Flowerwood Nursery (Theodore, AL) opens one of its eight production facilities to this project. This facility includes three ponds with one fed with well and rain water only and the remaining receiving irrigation runoff water. This research farm offers opportunities to compare water quality and microbial diversity between well and runoff containment ponds and examine how they may differ from those in runoff water containment facilities in the Mid-Atlantic region. Growers assist in water quality monitoring, and water sampling for determining microbial diversity. They also help set up and maintain field demonstration plots to showcase the BMPs that arise from this project.

GreenForest Nursery (Perkinston, MS) provides an experimental farm and on-site support as required. This research farm has a total of eight ponds. Runoff water flows from sedimentation to retention, then three filtration ponds before reaching the "Beaver" pond by gravity. Water is pumped from the Beaver pond to replenish the irrigation pond. The Pump pond is the primary supply of pristine water. Water quality and microbial diversity data are taken regularly from selected ponds throughout the 5-year project period and will be related to pathogen decline at every step of the water recycling system. These data also will be compared with those collected in the Mid-Atlantic region. Field demonstration plots also have been planned for this farm to showcase the novel knowledge and technologies resulting from this project.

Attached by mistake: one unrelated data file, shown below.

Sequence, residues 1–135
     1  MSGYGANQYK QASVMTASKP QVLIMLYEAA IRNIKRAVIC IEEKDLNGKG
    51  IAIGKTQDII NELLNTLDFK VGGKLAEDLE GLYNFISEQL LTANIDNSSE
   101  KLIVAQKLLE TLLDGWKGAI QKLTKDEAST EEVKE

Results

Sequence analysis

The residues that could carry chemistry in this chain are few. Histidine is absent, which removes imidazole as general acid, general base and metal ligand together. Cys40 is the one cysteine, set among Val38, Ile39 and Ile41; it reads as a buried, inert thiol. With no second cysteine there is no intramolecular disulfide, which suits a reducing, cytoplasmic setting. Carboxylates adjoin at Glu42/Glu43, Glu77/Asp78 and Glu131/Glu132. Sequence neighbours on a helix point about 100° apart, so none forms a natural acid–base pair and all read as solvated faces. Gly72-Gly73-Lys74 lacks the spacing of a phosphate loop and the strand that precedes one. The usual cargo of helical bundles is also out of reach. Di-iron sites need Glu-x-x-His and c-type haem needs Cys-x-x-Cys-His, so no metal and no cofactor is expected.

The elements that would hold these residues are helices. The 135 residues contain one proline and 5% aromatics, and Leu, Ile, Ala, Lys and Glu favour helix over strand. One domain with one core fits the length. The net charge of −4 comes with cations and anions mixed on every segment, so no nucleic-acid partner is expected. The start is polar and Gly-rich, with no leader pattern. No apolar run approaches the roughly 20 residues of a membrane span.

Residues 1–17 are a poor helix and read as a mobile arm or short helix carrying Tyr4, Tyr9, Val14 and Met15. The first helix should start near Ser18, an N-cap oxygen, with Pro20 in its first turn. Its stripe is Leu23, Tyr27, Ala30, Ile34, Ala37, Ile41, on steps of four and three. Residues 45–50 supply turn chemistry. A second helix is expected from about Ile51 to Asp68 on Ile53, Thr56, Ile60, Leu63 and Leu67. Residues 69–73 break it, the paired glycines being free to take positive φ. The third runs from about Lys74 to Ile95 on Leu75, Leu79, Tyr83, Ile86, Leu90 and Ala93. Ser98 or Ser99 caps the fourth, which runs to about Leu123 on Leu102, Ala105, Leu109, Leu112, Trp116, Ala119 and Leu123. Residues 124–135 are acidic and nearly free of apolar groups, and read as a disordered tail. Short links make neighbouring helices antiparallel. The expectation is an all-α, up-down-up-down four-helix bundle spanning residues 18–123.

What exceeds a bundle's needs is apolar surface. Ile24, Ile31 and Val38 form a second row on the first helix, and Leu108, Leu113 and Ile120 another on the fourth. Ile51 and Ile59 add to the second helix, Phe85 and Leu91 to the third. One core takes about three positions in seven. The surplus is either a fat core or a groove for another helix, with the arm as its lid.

Lancaster Farms (Suffolk, VA) grants this project the use of its Pitch Kettle facility and provides on-site support including personnel, boat, propagative and planting materials. The Pitch Kettle farm has a 15-acre natural lake, a small sedimentation pond and a 2-acre irrigation pond. The lake is fed primarily with spring and rain water. Runoff water from all production areas is channeled to the sedimentation pond. When this pond is full, water overflows to the irrigation pond where water is drawn to irrigate plants. Water may be drawn from the lake to replenish the irrigation pond as needed. There also are several bodies of pristine water surrounding the property. These reservoirs are ideal sites for comparative analyses of water quality and beneficial microbes in water. Ongoing research activities at this facility include continuous monitoring of water quality and weather conditions and regular water sampling for microbial diversity in selected reservoirs. Field trials and demonstration plots are also planned for this facility to showcase the BMPs that will be developed in this project.